Scholarly approaches to the relationship between literature and film, ranging from the traditional focus upon fidelity to more recent issues of intertextuality, all contain a significant blind spot: a lack of theoretical and methodological attention to adaptation as an historical and transnational phenomenon. This book argues for a historically informed approach to American popular culture that reconfigures the classically defined adaptation phenomenon as a form of transnational reception. Focusing on several case studies- including the films Sense and Sensibility (1995) and The Portrait of a Lady (1997), and the classics The Third Man (1949) and The Bridge on the River Kwai (1957)-the author demonstrates the ways adapted literary works function as social and cultural events in history and how these become important sites of cultural negotiation and struggle.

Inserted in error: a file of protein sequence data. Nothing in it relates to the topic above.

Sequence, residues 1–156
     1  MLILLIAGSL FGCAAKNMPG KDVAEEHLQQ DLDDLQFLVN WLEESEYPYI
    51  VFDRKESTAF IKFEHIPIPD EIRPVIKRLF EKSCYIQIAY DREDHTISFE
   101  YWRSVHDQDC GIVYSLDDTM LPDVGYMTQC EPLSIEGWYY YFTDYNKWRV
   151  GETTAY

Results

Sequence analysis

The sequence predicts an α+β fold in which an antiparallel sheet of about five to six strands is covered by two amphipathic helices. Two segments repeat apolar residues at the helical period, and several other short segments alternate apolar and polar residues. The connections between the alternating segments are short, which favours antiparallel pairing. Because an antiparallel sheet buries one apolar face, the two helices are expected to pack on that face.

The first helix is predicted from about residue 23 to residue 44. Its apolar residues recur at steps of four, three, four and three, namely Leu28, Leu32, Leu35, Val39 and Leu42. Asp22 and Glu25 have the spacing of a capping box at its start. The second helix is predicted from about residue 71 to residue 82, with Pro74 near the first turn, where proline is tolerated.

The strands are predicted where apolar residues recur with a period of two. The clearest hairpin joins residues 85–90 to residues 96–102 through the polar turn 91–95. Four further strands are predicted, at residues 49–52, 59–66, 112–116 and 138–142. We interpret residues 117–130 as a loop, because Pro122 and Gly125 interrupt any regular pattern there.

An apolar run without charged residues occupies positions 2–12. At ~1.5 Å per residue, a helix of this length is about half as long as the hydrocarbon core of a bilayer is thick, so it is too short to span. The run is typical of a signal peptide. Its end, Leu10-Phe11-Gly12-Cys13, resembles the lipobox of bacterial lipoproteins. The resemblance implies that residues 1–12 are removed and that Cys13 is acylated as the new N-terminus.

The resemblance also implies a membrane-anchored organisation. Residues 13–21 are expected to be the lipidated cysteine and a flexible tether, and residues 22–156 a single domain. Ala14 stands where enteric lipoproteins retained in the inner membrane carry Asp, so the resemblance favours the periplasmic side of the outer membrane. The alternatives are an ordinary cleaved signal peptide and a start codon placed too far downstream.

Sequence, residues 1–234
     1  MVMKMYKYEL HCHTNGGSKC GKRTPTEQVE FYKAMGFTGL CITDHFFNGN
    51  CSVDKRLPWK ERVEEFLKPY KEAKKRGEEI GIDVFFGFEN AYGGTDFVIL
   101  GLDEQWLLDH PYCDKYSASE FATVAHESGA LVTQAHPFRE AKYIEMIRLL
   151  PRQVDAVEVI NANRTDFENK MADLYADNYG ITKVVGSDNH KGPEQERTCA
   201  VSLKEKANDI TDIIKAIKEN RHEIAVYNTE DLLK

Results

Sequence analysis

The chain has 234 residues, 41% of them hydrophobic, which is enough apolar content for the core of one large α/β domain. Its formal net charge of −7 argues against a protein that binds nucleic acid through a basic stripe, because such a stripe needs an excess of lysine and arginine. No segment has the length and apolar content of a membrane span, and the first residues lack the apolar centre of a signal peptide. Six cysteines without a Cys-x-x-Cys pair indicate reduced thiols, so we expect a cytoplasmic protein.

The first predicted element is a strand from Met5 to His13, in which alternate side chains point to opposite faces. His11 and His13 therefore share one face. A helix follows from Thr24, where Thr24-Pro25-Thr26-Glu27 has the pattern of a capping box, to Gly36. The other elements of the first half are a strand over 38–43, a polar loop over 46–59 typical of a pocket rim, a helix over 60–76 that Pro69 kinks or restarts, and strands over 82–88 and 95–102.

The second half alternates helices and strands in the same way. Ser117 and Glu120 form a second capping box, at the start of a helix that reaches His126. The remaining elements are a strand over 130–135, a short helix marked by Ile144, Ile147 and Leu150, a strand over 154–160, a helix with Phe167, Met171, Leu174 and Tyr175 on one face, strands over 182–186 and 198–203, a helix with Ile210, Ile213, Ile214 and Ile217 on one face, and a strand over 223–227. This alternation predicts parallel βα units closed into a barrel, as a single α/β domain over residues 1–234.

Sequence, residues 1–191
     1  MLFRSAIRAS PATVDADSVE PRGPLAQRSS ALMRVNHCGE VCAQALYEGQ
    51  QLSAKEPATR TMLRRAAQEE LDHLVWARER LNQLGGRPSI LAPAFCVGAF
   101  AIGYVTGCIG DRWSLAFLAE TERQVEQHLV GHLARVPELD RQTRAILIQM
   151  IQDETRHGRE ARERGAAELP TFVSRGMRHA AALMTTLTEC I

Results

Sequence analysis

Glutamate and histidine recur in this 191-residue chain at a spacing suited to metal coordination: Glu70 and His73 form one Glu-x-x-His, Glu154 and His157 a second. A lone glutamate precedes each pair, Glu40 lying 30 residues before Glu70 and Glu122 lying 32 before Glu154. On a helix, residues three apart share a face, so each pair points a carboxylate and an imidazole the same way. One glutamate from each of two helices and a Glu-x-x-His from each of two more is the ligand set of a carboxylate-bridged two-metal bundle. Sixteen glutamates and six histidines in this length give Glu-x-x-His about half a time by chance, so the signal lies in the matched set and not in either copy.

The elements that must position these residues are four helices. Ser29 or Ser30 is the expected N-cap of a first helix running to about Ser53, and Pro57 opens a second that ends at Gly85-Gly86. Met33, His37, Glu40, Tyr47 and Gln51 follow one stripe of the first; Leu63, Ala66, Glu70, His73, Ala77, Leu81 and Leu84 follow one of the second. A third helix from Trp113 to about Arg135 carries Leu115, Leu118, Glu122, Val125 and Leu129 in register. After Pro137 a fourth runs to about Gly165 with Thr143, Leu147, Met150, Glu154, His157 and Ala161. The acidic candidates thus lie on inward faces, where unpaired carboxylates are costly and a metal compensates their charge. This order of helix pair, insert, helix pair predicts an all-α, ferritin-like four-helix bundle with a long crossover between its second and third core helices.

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|Size: ||3.0 MB|
|Publisher: ||Berghahn Books|
|Date published: || 2013|
|ISBN: ||9780857457325 (DRM-PDF)|
|Read Aloud: ||not allowed|